DNCC to reimport BTI from valid sources
The Dhaka North City Corporation plans to reimport Bacillus Thuringiensis Israelensis (BTI) to combat the dengue situation, but this time from sources mentioned in the agreement with Marshal Agrovet.
The decision came despite two tests validating the efficacy of BTI imported from China by the company breeching the agreement.
According to DNCC sources, the tender process for reimporting the chemical will begin very soon.
Earlier, the corporation assigned two government-run organisations -- Plant Protection Wing (PPW) of Department of Agriculture Extension, and Institute of Epidemiology, Disease Control and Research -- to test the BTI imported from China.
Confirming the pesticide's effectiveness, both organisations sent their reports to DNCC on Sunday.
PPW conducted the tests at the pathology department of the capital's Sher-e-Bangla Agricultural University. The results confirmed the presence of the bacteria that kill mosquito larvae in the samples.
Meanwhile, IEDCR conducted the tests in its medical entomology division laboratory. The chemicals were tested on larvae collected from the capital's Mohakhali. During the tests, 92 percent of the larvae died after 24 hours of application in all three experiments, while the larvicide rate was 88 percent in the fourth test.
DNCC is now planning to import BTI from the US, EU countries, Singapore, India, and Malaysia, as stated in Marshal Agrovet's contract.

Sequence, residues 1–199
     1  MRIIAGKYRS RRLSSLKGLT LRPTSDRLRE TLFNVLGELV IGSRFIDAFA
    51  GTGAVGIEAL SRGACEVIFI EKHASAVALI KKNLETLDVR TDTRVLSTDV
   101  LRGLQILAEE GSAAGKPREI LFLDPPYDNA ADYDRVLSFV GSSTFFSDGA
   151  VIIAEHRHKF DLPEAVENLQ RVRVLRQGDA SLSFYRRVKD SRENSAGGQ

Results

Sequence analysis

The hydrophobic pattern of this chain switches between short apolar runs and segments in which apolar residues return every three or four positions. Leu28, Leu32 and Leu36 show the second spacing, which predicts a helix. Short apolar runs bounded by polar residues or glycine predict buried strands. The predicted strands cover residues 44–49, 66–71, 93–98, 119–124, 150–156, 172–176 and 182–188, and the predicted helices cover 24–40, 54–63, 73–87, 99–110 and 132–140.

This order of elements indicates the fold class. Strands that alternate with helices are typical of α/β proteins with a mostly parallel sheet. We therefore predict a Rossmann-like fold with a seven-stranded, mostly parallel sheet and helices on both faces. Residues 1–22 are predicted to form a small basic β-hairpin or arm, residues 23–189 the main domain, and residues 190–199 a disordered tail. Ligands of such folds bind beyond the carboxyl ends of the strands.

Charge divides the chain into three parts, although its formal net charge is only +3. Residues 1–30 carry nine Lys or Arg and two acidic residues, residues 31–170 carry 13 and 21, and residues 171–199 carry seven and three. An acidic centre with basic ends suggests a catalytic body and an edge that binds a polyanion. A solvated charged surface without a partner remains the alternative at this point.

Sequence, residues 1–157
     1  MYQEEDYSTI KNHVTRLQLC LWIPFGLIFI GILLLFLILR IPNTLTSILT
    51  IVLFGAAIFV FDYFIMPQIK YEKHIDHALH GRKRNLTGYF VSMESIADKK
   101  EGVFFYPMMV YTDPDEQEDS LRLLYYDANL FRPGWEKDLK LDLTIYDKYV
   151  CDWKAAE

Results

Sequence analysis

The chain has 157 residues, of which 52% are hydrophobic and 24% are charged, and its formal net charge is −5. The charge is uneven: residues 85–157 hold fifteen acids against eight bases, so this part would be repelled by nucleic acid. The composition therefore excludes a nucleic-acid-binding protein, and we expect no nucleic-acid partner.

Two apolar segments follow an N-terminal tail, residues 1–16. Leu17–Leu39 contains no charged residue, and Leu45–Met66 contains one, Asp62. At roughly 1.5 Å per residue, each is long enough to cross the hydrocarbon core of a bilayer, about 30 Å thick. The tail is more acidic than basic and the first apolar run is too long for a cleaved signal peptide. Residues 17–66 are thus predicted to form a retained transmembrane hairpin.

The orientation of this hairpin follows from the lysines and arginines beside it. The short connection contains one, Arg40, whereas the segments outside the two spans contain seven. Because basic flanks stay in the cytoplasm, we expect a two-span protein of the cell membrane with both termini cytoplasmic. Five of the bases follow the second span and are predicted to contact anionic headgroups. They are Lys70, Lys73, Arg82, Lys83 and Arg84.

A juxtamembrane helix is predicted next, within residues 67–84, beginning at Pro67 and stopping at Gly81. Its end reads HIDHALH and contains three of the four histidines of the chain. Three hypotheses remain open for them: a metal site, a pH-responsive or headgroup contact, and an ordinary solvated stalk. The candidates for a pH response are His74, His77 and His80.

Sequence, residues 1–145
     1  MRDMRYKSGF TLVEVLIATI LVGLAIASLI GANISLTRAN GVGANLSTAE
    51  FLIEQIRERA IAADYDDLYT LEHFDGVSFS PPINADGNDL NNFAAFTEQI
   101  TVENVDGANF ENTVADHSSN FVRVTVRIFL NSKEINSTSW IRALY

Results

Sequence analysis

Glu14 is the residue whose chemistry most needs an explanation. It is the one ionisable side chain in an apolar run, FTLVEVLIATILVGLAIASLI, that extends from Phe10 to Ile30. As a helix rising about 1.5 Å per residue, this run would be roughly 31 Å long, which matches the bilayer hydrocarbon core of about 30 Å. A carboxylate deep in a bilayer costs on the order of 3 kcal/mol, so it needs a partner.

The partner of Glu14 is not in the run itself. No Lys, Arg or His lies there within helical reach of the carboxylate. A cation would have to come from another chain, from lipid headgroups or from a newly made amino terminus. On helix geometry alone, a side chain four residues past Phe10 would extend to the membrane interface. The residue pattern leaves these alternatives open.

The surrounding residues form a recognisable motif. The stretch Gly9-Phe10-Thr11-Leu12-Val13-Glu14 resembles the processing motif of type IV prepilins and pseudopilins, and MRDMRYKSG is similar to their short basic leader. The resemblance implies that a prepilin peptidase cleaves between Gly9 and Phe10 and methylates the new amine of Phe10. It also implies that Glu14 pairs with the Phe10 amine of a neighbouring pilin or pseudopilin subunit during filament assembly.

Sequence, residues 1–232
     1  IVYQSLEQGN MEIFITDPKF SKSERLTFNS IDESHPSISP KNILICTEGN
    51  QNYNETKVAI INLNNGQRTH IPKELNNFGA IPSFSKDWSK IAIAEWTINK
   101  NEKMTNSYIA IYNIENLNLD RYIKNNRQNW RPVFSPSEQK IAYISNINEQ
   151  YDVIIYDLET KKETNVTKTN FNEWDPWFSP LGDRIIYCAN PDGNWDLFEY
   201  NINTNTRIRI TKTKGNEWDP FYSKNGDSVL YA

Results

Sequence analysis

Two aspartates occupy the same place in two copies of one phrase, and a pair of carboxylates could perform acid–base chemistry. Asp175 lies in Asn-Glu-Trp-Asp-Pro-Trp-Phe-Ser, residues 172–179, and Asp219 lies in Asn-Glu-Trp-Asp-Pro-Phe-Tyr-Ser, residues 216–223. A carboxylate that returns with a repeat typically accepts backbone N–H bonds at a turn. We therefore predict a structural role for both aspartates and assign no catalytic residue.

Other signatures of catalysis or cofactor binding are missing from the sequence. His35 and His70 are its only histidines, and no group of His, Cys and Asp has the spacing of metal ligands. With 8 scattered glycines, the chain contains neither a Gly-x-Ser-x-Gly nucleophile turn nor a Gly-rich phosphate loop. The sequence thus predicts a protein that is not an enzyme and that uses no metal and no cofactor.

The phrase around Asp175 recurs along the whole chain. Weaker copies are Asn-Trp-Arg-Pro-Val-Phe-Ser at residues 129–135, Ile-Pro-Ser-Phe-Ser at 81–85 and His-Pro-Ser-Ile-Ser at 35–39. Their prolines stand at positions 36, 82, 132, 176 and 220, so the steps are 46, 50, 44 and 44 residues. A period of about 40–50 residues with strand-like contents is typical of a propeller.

The corporation is now awaiting the government's green signal. This time, the contractor company should have a proper license to import BTI and have to provide proper paperwork, said DNCC sources.
In this regard, DNCC Mayor Atiqul Islam said, "The performance of BTI in the lab tests of two government agencies is satisfactory… We are thinking about reimporting the pesticide from authentic sources."
DNCC had imported five tonnes of BTI through Marshal Agrovet Chemical Industries Ltd. However, the company was blacklisted after the corporation breached the contract by importing the chemicals from China instead of Singaporean company Best Chemical Co (S) Pte Ltd.
Following the incident, DNCC sued the company and also formed a five-member committee to probe the issue.
Chattogram Customs also filed a case on Saturday, accusing five Marshal Agrovet officials of importing BTI pesticide for DNCC by forging documents and using false paperwork.
Asked about Marshal's future, the mayor said, "We will continue to pursue legal action against Marshal for misrepresenting the pesticide even though it is correct and effective. I will not condone any corruption or irregularities."